Kevin Fogarty of Semiconductor Engineering recently wrote an article about the future of machine learning. As Fogarty observes, machine learning involves executing complex calculations on huge volumes of data with increasing efficiency.
“Machine learning can apply to every corporate function and it can have an impact on companies in every part of the economy. So, it’s no surprise that funding is pouring into this sector,” writes Fogarty.
“A survey by McKinsey & Co showed that total investments in AI development tripled between 2013 and 2016. Most of that — $20 billion to $30 billion — came from tech giants. Those companies expect that machine learning and other AI models that descend from it will be as critical to their customers in the future as mobility and networking are now.”
What makes this technology so attractive, says Fogarty, is that machine learning and other forms of artificial intelligence (AI) can be broadly applied and still produce dramatic benefits. In fact, Gartner predicts that by 2020, AI technologies will be pervasive in new business software and will be a top-five investment priority for 30% of CIOs. Meanwhile, Linley Gwennap, principal analyst at the Linley Group, tells Semiconductor Engineering that the market for data center-oriented AI accelerators will reach $12 billion by 2022.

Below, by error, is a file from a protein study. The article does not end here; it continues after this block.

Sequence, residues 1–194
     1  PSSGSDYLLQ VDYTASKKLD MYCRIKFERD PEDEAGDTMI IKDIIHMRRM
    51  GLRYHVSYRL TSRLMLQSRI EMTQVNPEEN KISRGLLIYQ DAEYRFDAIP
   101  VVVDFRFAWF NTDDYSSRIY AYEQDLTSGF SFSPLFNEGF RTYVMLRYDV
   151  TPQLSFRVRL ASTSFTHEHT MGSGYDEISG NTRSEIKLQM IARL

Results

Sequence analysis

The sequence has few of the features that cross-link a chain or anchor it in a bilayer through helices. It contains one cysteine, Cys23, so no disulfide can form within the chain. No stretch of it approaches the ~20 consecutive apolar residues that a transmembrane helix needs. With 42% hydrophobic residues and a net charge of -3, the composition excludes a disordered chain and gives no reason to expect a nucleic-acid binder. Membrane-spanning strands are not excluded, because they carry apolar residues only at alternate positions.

“During the next year or two we’ll start seeing a lot more choices out there for data centers and other devices,” Gwennap states. “So, the question facing the Googles and Facebooks of the world is, ‘Do I keep designing my own chips? Or, if I can get something just as good on the open market, should I do that?’”
According to Steven Woo, distinguished inventor at Rambus, the industry is currently fielding a number of AI, neural networking chips and cores.
“What’s happening at a higher level is they’re fusing information together. There is a lot of exploration going on. What you’re seeing now is a lot of companies looking for major markets to build infrastructure around. You see that with cell phones, where there are billions of units,” Woo tells Semiconductor Engineering. “Those are driving new packaging infrastructure. You also see it in automotive, which has a lot of money behind it. And with IoT, the potential is there, but the challenge is finding commonality. And with neural networking and machine learning, there seems to be new algorithms every week, which makes it hard to develop a single architecture. This is why you’re seeing so much interest in FPGAs and DSPs.”
Interested in learning more? The full text of “The Next Phase of Machine Learning” is available on Semiconductor Engineering here.